But there's removing a monkey from your back, and there's burning it off with a flamethrower. Yesterday Ed Miliband chose to do the latter, and the general impression of a man who has decided to march his party off to the left is toxic.

It also underlines one of the central problems of his leadership. That is that whilst Ed Miliband understands the need to occupy the middle ground of politics, he is fundamentally wrong in his perception of where it is.

If he took the time to skim through that political rulebook he is so intent on shredding he would find on page one, paragraph one the following; "During times of recession and economic hardship the electorate becomes more conservative".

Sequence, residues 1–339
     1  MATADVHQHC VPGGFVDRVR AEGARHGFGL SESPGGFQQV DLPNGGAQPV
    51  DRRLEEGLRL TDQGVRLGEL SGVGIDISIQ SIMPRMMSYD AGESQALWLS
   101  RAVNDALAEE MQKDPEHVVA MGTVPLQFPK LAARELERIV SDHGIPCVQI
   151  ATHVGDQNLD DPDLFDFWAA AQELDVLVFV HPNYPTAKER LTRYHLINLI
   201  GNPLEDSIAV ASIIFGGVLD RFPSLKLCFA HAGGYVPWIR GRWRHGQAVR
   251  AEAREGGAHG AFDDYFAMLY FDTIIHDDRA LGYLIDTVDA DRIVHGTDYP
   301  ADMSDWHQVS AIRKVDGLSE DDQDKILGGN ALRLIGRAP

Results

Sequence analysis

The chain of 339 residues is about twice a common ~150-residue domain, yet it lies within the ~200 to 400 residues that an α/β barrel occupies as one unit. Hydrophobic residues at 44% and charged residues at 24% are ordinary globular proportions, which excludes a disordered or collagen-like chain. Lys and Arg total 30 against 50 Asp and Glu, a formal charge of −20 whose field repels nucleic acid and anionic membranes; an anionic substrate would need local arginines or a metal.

When Ed Miliband says that since the glory years of New Labour the centre of gravity of British politics has shifted, he's right. But it hasn't moved towards the Labour party, but away from it.

Yes people dislike the bankers. But what they dislike was their profligacy, and their reaction is a demand for greater fiscal responsibility and prudence. People are struggling financially. Which means they have even less time for their fellow citizens who try to milk the benefits system or do their shopping through a smashed store-front window.

At times yesterday Ed Miliband tried to acknowledge that. But those nods and winks were lost within his overall narrative. People yearning for stability will not embrace a leader who tells them his leadership will involve, "taking risks". People with a longing for security will not readily turn towards someone who believes "nobody ever changed things on the basis of consensus".